WASHINGTON, D.C. - Several weeks ago, you saw President Obama roll out an aggressively progressive agenda during his inauguration speech.
Tonight, the nation watched to see if that theme would continue in the State of the Union address.
At first, the president rehashed many of the topics that dominated his campaign. He talked health care, tax code and immigration reform.
He talked about bringing jobs back home, improving education, and moving toward sustainable energy.
But just after the one hour mark, the President seemed to change his tone.
That's because there's been one big change since he was reelected - the Sandy Hook shooting.
The President called on the House and Senate to at least vote on his gun reform proposals.
Gabby Giffords was in the audience, along with more than two dozen others affected by gun violence.
"Gabby Giffords deserves a vote. The families of Newtown deserve a vote. The families of Aurora deserve a vote," said the President, continuing on with other examples of gun violence. "They deserve a simple vote."
He said the country has debated gun violence before, but "this time it's different."
He called for "common sense reform," in particular requiring background checks for individuals who want to buy guns.
He also talked about police chiefs working together to get high capacity magazines off the streets.
In the audience was Oak Creek shooting survivor Lieutenant Brian Murphy.
"Brian was the first to arrive, and he did not consider his own safety," the President said. "He fought back until help arrived, and ordered his fellow officers to protect the safety of the fellow Americans worshiping inside, even as he lay bleeding from 12 bullet wounds."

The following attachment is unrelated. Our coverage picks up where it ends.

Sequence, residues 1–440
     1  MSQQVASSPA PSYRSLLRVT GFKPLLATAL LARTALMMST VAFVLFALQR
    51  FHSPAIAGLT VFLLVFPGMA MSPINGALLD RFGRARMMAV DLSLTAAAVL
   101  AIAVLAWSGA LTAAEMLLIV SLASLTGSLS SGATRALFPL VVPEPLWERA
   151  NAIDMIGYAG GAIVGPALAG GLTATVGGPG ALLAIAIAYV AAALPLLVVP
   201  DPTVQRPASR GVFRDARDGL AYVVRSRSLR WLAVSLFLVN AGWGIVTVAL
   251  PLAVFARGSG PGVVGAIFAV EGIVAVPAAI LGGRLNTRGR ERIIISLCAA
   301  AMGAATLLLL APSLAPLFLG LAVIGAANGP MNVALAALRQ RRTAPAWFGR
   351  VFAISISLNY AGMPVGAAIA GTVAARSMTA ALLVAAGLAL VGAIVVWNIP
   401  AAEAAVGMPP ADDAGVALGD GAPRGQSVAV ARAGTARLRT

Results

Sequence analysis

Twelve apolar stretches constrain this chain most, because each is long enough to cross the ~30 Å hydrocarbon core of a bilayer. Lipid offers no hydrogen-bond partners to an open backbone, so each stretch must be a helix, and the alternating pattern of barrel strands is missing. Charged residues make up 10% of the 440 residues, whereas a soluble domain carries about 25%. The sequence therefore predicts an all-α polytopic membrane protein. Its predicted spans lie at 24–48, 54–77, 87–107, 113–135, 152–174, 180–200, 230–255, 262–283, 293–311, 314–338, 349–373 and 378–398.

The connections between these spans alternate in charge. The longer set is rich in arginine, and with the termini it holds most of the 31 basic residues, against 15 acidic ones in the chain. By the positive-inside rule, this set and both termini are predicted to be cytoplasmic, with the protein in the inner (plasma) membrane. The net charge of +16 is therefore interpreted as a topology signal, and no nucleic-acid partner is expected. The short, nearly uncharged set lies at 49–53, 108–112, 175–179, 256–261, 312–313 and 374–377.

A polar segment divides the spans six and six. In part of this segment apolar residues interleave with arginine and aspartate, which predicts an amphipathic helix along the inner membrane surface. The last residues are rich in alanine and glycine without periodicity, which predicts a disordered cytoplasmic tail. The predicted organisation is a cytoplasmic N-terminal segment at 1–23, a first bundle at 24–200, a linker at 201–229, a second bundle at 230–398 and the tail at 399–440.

The President also said 34,000 troops will be home by the end of this year, and the war in Afghanistan will be finished by the end of next year.
MERRILL - Sen. Ron Johnson (R-Wis.) said he didn't want to spend too much time at the Republican National Convention last week because he wanted to get back to campaigning in his home state.
The senator from Oshkosh stopped at the Lincoln County Fair on Saturday.
He faces a tight races against former Sen. Russ Feingold (D-Wis).
Johnson gave a speech on Tuesday in Cleveland about national security, as he is the chairman of the Senate Committee on Homeland Security.
He seems pleased with the Republican presidential ticket.
"I think it's really complimentary to the skills Donald Trump brings to the table," Johnson said. "You got Donald Trump with the private sector experience. You got Mike Pence with a real record accomplishment both in the House and as the governor of Indiana. I think it's a pretty good pairing."
He said he wouldn't pay too much attention to the speeches at the Democratic National Convention this week.
"They've got their ticket, we've got our ticket," Johnson said. "They'll make a bunch of promises they can't deliver on. And what we're going to focus on is economic growth, strengthen our economy so we can strengthen our military, so we can defeat ISIS and secure our borders."
SHAWANO COUNTY - UPDATE 5:13 p.m.--Police say six people, including children, were taken to area hospitals after two sport utility vehicles carrying Boy Scouts crashed in Shawano County.
The accident happened Saturday morning on Highway 29 near Bonduel.
Police say one of the SUVs was towing a trailer with equipment. The driver of that vehicle went off the roadway then overcorrected and lost control. The second SUV hit the first, and both went off the road. The trailer flipped and the second SUV landed partially on top of the first.
Bonduel police Chief Todd Chaney tells the Green Bay Press Gazette that one of the injured, a troop leader, was airlifted to St. Vincent's Hospital in Green Bay with a head injury.
Chaney said he didn't think any of the injuries were life threatening.
MADISON - State attorneys have asked a federal judge to stay a ruling allowing people to vote without photo identification in November's election pending an appeal.
In Milwaukee this week, U.S. District Judge Lynn Adelman issued a preliminary injunction allowing people who haven't been able to obtain IDs to vote in the Nov. 8 election if they sign an affidavit explaining why they couldn't get the identification.
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